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The New York Times Whitewashes Benghazi

11:01 AM, Dec 29, 2013 • By THOMAS JOSCELYN
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While the State Department’s designation does not mention the Jamal network’s participation in the Benghazi attack, the UN’s designation does. The UN noted that both Jamal and members of his network are “[r]eported to be involved in the attack on the United States Mission in Benghazi, Libya, on 11 Sep. 2012.”

Jamal was arrested in November 2012 by Egyptian authorities and identified as a leader of the so-called Nasr City cell, which has multiple ties to al Qaeda.     

Jamal is not the only key suspect omitted by Kirkpatrick. Another suspect is Faraj al-Shibli, a Libyan who, according to U.S. intelligence officials contacted by THE WEEKLY STANDARD, served as Osama bin Laden’s bodyguard during the 1990s. According to these same officials, al-Shibli is suspected of bringing materials from the Benghazi compound to senior al Qaeda leadership in Pakistan. Al-Shibli was detained in Pakistan and then Libya. Al Shibli did not immediately admit his involvement in the Benghazi attacks and was subsequently released. But U.S. officials continue to believe he played a role.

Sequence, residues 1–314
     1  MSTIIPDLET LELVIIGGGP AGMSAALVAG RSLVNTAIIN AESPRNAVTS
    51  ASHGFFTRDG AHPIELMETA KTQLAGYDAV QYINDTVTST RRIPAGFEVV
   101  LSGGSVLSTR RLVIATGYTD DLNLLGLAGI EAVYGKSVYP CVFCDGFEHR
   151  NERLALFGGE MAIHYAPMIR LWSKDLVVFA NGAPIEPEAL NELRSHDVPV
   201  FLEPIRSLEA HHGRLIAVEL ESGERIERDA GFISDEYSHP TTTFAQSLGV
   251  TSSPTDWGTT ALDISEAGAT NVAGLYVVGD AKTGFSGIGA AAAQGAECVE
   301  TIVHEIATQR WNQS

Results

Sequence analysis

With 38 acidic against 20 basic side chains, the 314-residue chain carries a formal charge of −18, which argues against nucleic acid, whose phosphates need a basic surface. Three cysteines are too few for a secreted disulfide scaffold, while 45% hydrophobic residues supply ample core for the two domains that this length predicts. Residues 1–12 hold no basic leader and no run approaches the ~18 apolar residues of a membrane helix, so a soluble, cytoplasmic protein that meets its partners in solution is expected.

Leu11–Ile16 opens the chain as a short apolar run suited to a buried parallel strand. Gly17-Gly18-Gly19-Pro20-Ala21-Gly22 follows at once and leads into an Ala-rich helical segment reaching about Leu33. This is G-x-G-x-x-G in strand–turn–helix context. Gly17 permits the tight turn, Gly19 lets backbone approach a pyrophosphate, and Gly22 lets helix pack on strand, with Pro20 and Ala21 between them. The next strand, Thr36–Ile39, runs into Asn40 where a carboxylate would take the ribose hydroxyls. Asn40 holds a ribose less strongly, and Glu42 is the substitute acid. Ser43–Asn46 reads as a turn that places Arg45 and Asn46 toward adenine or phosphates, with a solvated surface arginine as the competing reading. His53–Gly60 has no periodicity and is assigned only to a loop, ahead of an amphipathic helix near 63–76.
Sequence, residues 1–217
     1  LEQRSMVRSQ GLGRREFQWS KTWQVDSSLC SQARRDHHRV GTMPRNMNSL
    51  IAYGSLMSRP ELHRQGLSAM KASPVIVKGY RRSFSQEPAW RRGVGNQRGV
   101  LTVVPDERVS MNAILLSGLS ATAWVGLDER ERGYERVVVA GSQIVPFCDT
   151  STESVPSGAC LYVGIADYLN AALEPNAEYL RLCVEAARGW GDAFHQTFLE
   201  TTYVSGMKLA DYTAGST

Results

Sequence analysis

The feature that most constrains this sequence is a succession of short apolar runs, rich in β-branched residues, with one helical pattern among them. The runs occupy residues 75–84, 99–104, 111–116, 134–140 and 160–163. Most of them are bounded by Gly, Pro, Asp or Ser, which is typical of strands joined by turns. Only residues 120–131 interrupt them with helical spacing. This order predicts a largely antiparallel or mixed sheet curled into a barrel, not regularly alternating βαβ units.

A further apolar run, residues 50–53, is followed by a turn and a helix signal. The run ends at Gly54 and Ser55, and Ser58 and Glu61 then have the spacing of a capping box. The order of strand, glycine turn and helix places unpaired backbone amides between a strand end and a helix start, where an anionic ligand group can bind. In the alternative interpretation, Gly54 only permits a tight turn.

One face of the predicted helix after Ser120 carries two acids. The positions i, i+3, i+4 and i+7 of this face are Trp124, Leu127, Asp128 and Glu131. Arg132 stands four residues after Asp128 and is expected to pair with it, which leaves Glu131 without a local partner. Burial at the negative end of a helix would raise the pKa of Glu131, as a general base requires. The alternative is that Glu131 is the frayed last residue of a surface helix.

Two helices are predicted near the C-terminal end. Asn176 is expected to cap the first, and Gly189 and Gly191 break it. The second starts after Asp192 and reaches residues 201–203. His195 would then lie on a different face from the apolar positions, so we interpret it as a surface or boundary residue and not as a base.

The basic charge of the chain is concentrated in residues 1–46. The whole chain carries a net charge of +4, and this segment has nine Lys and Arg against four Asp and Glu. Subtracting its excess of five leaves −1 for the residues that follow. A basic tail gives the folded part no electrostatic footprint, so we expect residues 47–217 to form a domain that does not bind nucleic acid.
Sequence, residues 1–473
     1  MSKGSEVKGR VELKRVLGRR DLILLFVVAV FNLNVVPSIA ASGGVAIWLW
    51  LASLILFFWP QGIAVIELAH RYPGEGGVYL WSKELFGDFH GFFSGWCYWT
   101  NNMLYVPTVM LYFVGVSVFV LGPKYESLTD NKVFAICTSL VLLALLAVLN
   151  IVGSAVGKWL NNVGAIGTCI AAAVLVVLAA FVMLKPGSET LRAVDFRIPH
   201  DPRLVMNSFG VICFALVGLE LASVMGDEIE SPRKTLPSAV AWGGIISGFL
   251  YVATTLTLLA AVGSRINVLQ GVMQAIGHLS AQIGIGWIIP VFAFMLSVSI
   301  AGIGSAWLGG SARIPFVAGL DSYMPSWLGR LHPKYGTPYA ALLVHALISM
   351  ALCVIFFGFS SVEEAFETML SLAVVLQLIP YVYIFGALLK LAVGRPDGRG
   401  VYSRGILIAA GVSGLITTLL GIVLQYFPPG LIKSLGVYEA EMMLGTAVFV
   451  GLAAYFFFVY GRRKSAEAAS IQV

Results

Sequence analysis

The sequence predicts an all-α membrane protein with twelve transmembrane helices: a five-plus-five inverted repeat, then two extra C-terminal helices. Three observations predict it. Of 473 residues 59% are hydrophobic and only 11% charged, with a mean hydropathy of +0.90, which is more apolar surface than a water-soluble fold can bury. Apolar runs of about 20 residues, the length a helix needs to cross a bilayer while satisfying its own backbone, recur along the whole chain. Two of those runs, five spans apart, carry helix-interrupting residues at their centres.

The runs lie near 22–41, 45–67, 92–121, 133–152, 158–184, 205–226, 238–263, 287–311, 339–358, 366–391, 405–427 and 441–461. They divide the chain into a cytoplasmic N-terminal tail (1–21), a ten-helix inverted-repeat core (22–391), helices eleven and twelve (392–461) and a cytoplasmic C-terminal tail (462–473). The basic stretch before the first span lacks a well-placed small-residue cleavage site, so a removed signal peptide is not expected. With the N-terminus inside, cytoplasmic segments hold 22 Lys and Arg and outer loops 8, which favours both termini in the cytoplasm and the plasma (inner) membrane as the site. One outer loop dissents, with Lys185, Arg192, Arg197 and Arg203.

There are still other al Qaeda-linked suspects who do not receive any attention from Kirkpatrick. But the Jamal network’s part in the Benghazi story is enough alone to undermine the Times reporter’s claims.

In his Times piece and during an appearance on NBC’s Meet the Press, Kirkpatrick claims that the Benghazi attackers were purely “local” actors.

This is simply not true – as evidenced by the Jamal network’s involvement and other pieces of evidence.

Thomas Joscelyn is a senior fellow at the Foundation for Defense of Democracies

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